Background: The use of alkylating agents such as temozolomide in association with radiotherapy (RT) is the therapeutic standard of glioblastoma (GBM). This regimen modestly prolongs overall survival, also if, in light of the still dismal prognosis, further improvements are desperately needed, especially in the patients with O6-methylguanine-DNA-methyltransferase (MGMT) unmethylated tumors, in which the benefit of standard treatment is less. Tinostamustine (EDO-S101) is a first-in-class alkylating deacetylase inhibitor (AK-DACi) molecule that fuses the DNA damaging effect of bendamustine with the fully functional pan-histone deacetylase (HDAC) inhibitor, vorinostat, in a completely new chemical entity. Methods: Tinostamustine has been tested in models of GBM by using 13 GBM cell lines and seven patient-derived GBM proliferating/stem cell lines in vitro. U87MG and U251MG (MGMT negative), as well as T98G (MGMT positive), were subcutaneously injected in nude mice, whereas luciferase positive U251MG cells and patient-derived GBM stem cell line (CSCs-5) were evaluated the orthotopic intra-brain in vivo experiments. Results: We demonstrated that tinostamustine possesses stronger antiproliferative and pro-apoptotic effects than those observed for vorinostat and bendamustine alone and similar to their combination and irrespective of MGMT expression. In addition, we observed a stronger radio-sensitization of single treatment and temozolomide used as control due to reduced expression and increased time of disappearance of γH2AX indicative of reduced signal and DNA repair. This was associated with higher caspase-3 activation and reduction of RT-mediated autophagy. In vivo, tinostamustine increased time-to-progression (TTP) and this was additive/synergistic to RT. Tinostamustine had significant therapeutic activity with suppression of tumor growth and prolongation of DFS (disease-free survival) and OS (overall survival) in orthotopic intra-brain models that was superior to bendamustine, RT and temozolomide and showing stronger radio sensitivity. Conclusions: Our data suggest that tinostamustine deserves further investigation in patients with glioblastoma.

The first-in-class alkylating deacetylase inhibitor molecule tinostamustine shows antitumor effects and is synergistic with radiotherapy in preclinical models of glioblastoma

Festuccia, Claudio;Colapietro, Alessandro;Gravina, Giovanni Luca;Vitale, Flora;Marampon, Francesco;Delle Monache, Simona;Pompili, Simona;Cristiano, Loredana;Vetuschi, Antonella;Tombolini, Vincenzo;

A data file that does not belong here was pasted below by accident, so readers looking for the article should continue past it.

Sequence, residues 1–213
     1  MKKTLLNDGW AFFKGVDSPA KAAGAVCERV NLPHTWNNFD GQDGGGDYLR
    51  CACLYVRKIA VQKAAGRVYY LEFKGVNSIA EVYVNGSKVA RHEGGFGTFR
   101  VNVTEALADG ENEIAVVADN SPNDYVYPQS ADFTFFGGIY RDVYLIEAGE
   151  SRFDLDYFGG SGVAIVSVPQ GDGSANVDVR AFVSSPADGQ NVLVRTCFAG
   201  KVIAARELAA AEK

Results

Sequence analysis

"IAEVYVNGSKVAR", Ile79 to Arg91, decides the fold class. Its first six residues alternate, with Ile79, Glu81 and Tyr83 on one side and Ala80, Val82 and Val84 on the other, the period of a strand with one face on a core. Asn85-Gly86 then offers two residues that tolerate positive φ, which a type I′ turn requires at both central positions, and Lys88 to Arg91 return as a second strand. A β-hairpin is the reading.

2018-01-01

Abstract

Background: The use of alkylating agents such as temozolomide in association with radiotherapy (RT) is the therapeutic standard of glioblastoma (GBM). This regimen modestly prolongs overall survival, also if, in light of the still dismal prognosis, further improvements are desperately needed, especially in the patients with O6-methylguanine-DNA-methyltransferase (MGMT) unmethylated tumors, in which the benefit of standard treatment is less. Tinostamustine (EDO-S101) is a first-in-class alkylating deacetylase inhibitor (AK-DACi) molecule that fuses the DNA damaging effect of bendamustine with the fully functional pan-histone deacetylase (HDAC) inhibitor, vorinostat, in a completely new chemical entity. Methods: Tinostamustine has been tested in models of GBM by using 13 GBM cell lines and seven patient-derived GBM proliferating/stem cell lines in vitro. U87MG and U251MG (MGMT negative), as well as T98G (MGMT positive), were subcutaneously injected in nude mice, whereas luciferase positive U251MG cells and patient-derived GBM stem cell line (CSCs-5) were evaluated the orthotopic intra-brain in vivo experiments. Results: We demonstrated that tinostamustine possesses stronger antiproliferative and pro-apoptotic effects than those observed for vorinostat and bendamustine alone and similar to their combination and irrespective of MGMT expression. In addition, we observed a stronger radio-sensitization of single treatment and temozolomide used as control due to reduced expression and increased time of disappearance of γH2AX indicative of reduced signal and DNA repair. This was associated with higher caspase-3 activation and reduction of RT-mediated autophagy. In vivo, tinostamustine increased time-to-progression (TTP) and this was additive/synergistic to RT. Tinostamustine had significant therapeutic activity with suppression of tumor growth and prolongation of DFS (disease-free survival) and OS (overall survival) in orthotopic intra-brain models that was superior to bendamustine, RT and temozolomide and showing stronger radio sensitivity. Conclusions: Our data suggest that tinostamustine deserves further investigation in patients with glioblastoma.
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Utilizza questo identificativo per citare o creare un link a questo documento: https://hdl.handle.net/11697/124016
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